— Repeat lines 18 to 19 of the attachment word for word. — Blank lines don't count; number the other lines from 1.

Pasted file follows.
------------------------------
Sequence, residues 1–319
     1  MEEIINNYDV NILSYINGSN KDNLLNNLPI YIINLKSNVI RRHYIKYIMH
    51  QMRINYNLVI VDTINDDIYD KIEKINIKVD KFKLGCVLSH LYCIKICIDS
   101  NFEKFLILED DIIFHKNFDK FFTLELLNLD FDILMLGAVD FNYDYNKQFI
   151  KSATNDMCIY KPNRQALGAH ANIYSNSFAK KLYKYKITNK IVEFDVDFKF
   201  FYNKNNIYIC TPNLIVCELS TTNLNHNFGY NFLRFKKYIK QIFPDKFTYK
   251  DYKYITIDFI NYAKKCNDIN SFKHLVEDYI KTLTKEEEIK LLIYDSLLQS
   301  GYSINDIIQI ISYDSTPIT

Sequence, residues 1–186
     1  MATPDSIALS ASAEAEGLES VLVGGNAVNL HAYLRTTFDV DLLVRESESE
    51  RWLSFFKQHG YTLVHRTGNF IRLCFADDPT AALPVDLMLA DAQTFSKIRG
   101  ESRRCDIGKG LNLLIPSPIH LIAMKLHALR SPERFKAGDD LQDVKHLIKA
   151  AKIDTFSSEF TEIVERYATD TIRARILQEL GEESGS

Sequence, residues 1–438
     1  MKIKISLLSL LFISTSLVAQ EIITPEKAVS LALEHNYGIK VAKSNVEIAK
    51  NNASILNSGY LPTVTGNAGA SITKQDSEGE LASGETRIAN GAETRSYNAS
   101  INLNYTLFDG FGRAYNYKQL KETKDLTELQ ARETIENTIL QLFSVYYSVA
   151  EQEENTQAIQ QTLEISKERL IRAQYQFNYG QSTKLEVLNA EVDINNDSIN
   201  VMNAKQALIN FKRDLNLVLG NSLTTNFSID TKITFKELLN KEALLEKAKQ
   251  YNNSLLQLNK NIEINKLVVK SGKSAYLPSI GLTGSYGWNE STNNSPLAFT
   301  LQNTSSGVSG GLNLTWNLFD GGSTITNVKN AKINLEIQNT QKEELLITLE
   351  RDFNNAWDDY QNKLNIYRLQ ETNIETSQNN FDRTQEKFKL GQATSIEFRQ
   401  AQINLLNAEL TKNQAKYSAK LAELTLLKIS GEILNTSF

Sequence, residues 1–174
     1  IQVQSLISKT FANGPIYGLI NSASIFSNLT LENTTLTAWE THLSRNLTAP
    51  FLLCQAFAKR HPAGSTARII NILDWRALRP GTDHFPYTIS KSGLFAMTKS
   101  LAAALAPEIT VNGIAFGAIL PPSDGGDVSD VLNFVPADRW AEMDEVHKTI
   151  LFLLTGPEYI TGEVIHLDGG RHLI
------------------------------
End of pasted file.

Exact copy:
   151  EQEENTQAIQ QTLEISKERL IRAQYQFNYG QSTKLEVLNA EVDINNDSIN
   201  VMNAKQALIN FKRDLNLVLG NSLTTNFSID TKITFKELLN KEALLEKAKQ